A little over a year at my job, I came down with a severe respiratory infection. I even coughed up a tiny bit of blood, which greatly alarmed me, and my breathing became extremely labored. However, even after the acute infection had seemingly resolved, my breathing had never been the same. It seemed that every breath took a bit more effort, and I felt that if I didn’t consciously cause my lungs to push air in and out of my body, they would not maintain their natural rhythm and function of their own intelligence. My sister – a pulmonary nurse- then referred me to the pulmnologist and allergist at her office, at which time it was determined that my childhood asthma – which had been inactive for some 40 years – had now suddenly returned. In addition, I was diagnosed with chronic sinusitis and vocal cord dysfunction (VCD), a phenomenon where the vocal cords partially close upon inspiration, and most common in abused women or women in the helping fields. Thus began a long journey with allergy shots, more specialists, vocal cord exercises, and multiple drugs totaling up to 10 medications per day at times to keep my airways open. Being exquisitely sensitive to medications, and my symptoms still not well controlled, a waking nightmare ensued from which no light ahead could be visioned.
Still, I reached for healing, and in a desperate desire to return to my innate ability to breathe comfortably on my own, I again began thinking about the body as a metaphor and the symbolisms of the symptoms and dis-ease I was experiencing. Returning to the possible grief-lung connection, I pondered ….Had I not grieved my mother’s death fully and well? After penetrating deeper into the human experience, having journeyed through the terrible suffering and death of the woman who gave me life, had I found a way to come out of it more authentically alive, more spiritually grounded, and with a richer sense of meaning , or was I continuing to drown in the mire of unconsciousness and ill-direction? Was I experiencing anticipatory grief as I saw my father age and decline, experience the losses of my own body aging with more to come, or fear my sister – pulmonary nurse and beautiful, caring soul – soon to be moving out of state when retiring? In addition, I wondered, how does “breathing on my own” frighten me, as if it means not depending on anyone or anything outside myself to sustain my life? With asthma being difficulty exhaling fully, are there things that I need to express that are not being said? Is the throat wringing VCD a result of words being cut off, words that would allow me to set the boundaries I need, especially in the workplace where I am continually talked over and abused? Or ,do I simply feel that there are people or situations in my life that are suffocating me, such as feeling trapped in a job that I realize dishonors my sensitivity, but feel I must stay in for the financial security?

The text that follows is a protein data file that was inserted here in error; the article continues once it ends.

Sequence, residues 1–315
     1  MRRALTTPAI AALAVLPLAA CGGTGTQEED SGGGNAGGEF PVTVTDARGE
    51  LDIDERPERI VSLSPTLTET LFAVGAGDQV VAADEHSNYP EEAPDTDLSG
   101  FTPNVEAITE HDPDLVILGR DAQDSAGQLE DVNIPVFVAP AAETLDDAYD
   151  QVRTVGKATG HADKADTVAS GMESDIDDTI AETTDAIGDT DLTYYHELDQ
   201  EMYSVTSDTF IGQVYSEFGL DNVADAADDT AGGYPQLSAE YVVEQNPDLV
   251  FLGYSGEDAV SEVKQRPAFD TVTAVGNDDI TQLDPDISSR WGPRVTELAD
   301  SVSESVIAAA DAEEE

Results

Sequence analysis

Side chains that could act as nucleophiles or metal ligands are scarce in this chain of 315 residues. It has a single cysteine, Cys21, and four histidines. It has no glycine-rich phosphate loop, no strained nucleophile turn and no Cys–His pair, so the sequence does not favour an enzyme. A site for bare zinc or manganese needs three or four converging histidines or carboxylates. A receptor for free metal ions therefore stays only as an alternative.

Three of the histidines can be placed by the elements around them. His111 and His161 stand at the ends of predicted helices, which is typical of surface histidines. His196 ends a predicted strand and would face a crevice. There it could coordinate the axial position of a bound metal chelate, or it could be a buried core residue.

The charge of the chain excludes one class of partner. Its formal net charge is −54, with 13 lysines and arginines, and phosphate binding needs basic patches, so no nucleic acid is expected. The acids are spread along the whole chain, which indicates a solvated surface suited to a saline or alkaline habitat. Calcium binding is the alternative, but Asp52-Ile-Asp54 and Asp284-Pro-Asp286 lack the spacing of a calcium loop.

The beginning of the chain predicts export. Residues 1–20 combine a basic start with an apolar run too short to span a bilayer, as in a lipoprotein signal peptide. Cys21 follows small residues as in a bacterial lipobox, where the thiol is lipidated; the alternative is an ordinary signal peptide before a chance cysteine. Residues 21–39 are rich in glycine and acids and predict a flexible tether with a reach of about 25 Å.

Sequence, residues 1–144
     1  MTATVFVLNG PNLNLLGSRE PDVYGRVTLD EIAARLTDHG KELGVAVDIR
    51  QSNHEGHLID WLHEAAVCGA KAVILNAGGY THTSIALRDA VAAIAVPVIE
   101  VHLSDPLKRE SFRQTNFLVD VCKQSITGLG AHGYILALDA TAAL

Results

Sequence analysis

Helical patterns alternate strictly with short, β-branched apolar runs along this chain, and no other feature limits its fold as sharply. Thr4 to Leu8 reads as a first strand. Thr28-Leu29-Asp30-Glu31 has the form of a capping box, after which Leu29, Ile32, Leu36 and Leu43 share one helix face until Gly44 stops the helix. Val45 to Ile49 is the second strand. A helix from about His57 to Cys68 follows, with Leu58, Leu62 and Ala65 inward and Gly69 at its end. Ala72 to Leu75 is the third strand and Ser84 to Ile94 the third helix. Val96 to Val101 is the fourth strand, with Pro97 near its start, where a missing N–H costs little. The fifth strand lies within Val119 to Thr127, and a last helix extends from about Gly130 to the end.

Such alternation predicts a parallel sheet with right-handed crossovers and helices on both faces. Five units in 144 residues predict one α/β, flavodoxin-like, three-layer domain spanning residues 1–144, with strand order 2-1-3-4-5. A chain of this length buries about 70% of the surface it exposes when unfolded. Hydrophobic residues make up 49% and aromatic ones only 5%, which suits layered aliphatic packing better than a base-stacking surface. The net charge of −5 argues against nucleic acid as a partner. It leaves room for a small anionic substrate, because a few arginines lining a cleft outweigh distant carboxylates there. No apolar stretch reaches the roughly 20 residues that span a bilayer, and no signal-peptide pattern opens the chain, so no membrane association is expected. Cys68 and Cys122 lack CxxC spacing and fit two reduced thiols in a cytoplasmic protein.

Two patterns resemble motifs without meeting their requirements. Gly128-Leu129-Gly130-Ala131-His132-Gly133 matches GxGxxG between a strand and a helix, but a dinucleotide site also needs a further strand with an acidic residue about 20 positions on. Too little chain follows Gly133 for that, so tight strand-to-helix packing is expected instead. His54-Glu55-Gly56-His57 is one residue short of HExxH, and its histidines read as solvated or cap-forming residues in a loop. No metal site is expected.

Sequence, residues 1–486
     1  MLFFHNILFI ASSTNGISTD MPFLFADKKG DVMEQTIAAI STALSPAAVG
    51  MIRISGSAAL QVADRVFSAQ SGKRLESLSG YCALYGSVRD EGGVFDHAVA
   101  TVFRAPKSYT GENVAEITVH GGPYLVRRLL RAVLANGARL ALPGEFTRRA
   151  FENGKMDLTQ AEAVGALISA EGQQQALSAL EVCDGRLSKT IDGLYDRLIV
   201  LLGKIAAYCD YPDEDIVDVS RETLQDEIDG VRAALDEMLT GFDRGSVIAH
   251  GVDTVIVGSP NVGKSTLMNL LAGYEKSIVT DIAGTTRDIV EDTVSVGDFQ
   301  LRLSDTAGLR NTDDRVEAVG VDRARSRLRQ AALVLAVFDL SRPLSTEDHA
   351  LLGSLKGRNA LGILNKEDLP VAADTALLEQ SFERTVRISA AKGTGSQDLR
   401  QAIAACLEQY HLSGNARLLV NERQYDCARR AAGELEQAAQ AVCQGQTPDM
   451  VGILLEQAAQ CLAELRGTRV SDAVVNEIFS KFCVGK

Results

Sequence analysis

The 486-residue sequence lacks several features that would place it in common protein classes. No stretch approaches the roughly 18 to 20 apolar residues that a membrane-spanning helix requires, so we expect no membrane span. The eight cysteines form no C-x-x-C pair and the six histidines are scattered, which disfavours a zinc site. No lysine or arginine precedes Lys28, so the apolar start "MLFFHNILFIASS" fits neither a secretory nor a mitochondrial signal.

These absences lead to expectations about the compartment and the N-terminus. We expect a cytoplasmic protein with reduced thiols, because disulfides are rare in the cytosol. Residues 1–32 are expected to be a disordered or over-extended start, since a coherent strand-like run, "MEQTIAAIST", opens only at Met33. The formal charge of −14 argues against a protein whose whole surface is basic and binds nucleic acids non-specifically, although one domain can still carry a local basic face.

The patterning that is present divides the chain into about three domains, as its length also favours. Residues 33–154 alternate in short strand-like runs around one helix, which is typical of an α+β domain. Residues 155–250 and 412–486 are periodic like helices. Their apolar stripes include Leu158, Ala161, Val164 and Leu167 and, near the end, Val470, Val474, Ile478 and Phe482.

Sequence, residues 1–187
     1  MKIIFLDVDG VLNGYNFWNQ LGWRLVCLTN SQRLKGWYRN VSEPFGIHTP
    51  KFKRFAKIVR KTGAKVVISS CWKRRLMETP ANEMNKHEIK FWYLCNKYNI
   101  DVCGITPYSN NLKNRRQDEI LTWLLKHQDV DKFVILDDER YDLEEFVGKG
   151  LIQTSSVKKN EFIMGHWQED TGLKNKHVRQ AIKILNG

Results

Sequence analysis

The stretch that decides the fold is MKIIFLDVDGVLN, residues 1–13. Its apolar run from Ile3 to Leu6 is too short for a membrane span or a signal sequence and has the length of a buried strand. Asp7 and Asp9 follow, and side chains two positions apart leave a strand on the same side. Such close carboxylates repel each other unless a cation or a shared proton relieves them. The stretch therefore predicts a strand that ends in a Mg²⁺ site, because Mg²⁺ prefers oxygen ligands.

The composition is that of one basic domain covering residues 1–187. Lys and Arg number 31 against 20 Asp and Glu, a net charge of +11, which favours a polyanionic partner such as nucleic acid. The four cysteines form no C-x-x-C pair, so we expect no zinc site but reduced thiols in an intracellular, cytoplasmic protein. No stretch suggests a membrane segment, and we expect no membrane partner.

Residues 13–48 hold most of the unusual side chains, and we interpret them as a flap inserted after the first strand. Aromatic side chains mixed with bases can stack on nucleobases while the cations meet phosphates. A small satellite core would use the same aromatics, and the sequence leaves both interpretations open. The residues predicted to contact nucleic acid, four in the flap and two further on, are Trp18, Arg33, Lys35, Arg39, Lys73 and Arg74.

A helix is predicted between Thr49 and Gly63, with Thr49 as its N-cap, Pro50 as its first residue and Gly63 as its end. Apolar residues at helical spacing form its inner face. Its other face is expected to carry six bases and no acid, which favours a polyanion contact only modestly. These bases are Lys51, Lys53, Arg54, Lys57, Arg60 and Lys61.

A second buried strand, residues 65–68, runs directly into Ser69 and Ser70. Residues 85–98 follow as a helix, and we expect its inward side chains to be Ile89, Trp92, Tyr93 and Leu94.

In this together,